Cult TV Fans Will Find 'Rocky Horror' And 'Black Mirror' Smart And Provocative | KUOW News and Information

Cult TV Fans Will Find 'Rocky Horror' And 'Black Mirror' Smart And Provocative

Oct 20, 2016

The Rocky Horror Show began as a stage musical in London in the early 1970s, starring Tim Curry as the outrageously dressed outer-space alien Frank N. Furter, self-described as a "sweet transvestite from Transsexual, Transylvania." Richard O'Brien, the composer of the play and its music, played Frank's hunchbacked assistant, Riff Raff — and the two of them repeated their roles in a 1975 movie, The Rocky Horror Picture Show.

The film flopped, originally, but got new life in midnight shows across the country. Before long, fans were attending in costume, bringing props, shouting interactive lines at the screen, and generally embracing the film's central, sexually and socially adventurous theme of "Don't dream it, be it."

For such an irreverent musical, this new TV remake on the Fox network is surprisingly faithful to its source material. It finds a way, at various spots, to incorporate the audience-participation elements, by occasionally showing a theater "audience" seeing the same movie we're seeing. And it salutes Curry, the show's original star, by having him play the narrator of the remake, joining in, dryly, on the show's most famous song, "Time Warp."

To fans of the original film, the songs and scenes in The Rocky Horror Picture Show are almost as familiar as those in The Wizard of Oz. Why bother, or dare, to mount a remake, when the original version is so iconic?

According to Lou Adler, producer of both the old and new Rocky versions, there are two main reasons. One is to introduce the musical to a new generation and audience. The other is to hand the role to a dynamic new star that can redefine it for our times.

I'm not sure the first reason will pan out. Today's young viewers seem to have an appetite for Disney-type High School Musical presentations, but may not flock to this new TV remake.

Fans of the original are more likely to show up, out of curiosity, and I suspect they'll be quite pleased and impressed. But as for the second reason, the new casting of the lead role, this Rocky Horror Picture Show hits a home run.

The new star is Laverne Cox, the transgender star of Netflix's Orange Is the New Black, and she's fabulous. She looks great, she sounds great, and she salutes Curry's performance while adding her own touches, vocally and otherwise.

The other cult hit showing up this week, also originating from England, is season three of Charlie Brooker's Black Mirror, the Twilight Zone-style anthology show with an ultra-modern sensibility and a very smart focus on technology.

The six new shows premiere Friday on Netflix, and I think they're more entertaining, and more provocative, than any new series from the current fall TV season. Each one, somehow, finds a way to take a seemingly benign technological tool and burrow down to the nightmare within.

It uses the anthology format in the best possible way, introducing characters who may not survive to the end, and concepts and settings that take a while to understand. A typical example this new season is "Nosedive," starring Bryce Dallas Howard as a social climber who visits an expert in hopes of upping her social status. Right now, her friends and acquaintances have rated her a 4.2 — and she needs to be a 4.5 to qualify for occupancy in a luxury apartment.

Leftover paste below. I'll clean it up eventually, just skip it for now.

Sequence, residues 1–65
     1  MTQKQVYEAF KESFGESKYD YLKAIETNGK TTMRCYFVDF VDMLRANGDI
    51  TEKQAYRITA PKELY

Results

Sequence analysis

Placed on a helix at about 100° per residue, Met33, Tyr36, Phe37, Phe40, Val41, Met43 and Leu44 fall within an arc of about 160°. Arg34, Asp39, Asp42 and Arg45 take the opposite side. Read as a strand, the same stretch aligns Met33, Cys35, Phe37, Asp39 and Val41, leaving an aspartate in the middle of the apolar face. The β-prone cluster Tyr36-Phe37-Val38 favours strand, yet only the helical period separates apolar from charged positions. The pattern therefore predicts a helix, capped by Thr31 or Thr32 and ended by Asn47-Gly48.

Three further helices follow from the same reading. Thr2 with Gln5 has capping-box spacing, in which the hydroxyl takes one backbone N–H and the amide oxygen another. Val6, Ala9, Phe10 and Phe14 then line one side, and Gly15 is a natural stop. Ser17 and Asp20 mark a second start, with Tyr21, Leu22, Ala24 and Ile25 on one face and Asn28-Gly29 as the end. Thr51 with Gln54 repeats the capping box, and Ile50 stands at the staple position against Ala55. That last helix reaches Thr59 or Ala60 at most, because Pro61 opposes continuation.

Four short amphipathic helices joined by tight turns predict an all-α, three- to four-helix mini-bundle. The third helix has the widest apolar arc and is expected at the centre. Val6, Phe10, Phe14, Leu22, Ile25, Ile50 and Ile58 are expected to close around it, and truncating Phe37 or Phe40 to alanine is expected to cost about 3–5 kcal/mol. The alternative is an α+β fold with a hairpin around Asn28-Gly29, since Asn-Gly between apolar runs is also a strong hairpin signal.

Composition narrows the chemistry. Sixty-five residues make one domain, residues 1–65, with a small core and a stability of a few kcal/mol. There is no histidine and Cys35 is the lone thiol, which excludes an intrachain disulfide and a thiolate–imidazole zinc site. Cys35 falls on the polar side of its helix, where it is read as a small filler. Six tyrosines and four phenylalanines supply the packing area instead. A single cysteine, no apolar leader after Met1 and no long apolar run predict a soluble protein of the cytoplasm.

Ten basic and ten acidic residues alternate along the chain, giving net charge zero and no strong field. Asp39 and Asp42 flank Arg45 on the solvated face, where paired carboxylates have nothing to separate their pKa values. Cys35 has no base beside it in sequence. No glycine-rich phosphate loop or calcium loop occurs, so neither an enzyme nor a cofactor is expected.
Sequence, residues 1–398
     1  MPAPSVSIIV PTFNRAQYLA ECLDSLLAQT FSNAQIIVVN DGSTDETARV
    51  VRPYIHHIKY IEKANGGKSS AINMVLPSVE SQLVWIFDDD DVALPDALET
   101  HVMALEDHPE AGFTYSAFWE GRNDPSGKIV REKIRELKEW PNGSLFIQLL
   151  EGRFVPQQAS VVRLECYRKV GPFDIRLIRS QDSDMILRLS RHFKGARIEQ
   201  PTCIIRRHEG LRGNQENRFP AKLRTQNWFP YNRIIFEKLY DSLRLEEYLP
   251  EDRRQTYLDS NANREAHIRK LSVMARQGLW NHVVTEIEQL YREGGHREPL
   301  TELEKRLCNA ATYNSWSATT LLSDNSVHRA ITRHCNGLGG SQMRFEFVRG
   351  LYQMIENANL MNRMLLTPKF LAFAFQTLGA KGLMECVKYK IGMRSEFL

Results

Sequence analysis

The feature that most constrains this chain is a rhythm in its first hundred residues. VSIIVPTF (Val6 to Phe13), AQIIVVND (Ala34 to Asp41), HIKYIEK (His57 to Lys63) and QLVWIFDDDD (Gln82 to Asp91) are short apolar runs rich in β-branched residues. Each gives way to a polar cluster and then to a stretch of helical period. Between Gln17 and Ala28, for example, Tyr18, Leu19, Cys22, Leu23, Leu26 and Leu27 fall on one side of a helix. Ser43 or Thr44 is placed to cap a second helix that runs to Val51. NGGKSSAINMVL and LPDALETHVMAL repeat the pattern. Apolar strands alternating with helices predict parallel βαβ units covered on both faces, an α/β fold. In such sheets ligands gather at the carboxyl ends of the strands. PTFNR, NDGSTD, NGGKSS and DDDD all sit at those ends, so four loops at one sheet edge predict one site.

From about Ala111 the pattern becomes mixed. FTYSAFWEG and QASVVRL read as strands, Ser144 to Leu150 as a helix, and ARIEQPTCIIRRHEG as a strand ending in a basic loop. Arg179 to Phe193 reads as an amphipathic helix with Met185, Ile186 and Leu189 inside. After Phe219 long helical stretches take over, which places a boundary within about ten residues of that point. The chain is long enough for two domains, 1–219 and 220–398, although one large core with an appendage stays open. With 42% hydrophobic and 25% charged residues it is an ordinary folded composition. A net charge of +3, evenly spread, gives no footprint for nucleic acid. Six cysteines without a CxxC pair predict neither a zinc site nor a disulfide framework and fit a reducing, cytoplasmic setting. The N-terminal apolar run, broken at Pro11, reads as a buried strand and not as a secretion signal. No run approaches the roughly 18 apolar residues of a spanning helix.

I've seen all the new, and old, episodes of Black Mirror, and I'm impressed by each and every one of them. It may be the best binge-watching TV show around — I'll bet you can't watch just one. It stands up to the Twilight Zone comparison — and, as with the new Rocky Horror Picture Show on Fox, it's a cult TV offering that you may approach skeptically, but you'll leave having been fully entertained.

Copyright 2016 Fresh Air. To see more, visit Fresh Air.

TERRY GROSS, HOST:

This is FRESH AIR. "Black Mirror" is one of two cult TV shows arriving this week. The other is tonight's new Fox TV Network remake of the classic 1970s counterculture sci-fi movie musical "The Rocky Horror Picture Show." Our TV critic David Bianculli likes them both.

DAVID BIANCULLI, BYLINE: "The Rocky Horror Show" began as a stage musical in London in the early 1970s, starring Tim Curry as the outrageously dressed outer space alien Frank-N-Furter, self-described as a sweet transvestite from transsexual Transylvania. Richard O'Brien, the composer of the play and its music, played Frank's hunchbacked assistant Riff Raff. And the two of them repeated their roles in a 1975 movie "The Rocky Horror Picture Show."

It flopped originally but got new life in midnight shows across the country. Before long, fans were attending in costume, bringing props, shouting interactive lines at the screen and generally embracing the film's central sexually and socially adventurous theme of don't dream it, be it.

For such an irreverent musical, this new TV remake on the Fox network is surprisingly faithful to its source material. It finds a way at various spots to incorporate the audience participation elements by occasionally showing a theater audience seeing the same movie we're seeing. And it salutes the show's original star, Tim Curry, by having him play the narrator of the remake, joining in dryly on the show's most famous song.

(SOUNDBITE OF FILM, "THE ROCKY HORROR PICTURE SHOW: LET'S DO THE TIME WARP AGAIN")

TIM CURRY: (As narrator) It's just a jump to the left.

UNIDENTIFIED ACTORS: (As characters, singing) And then a step to the right.

CURRY: (As narrator) With your hands on your hips.

UNIDENTIFIED ACTORS: (As characters, singing) You bring your knees in tight. But it's the pelvic thrust that really drives you insane. Let's do the time warp again. Let's do the...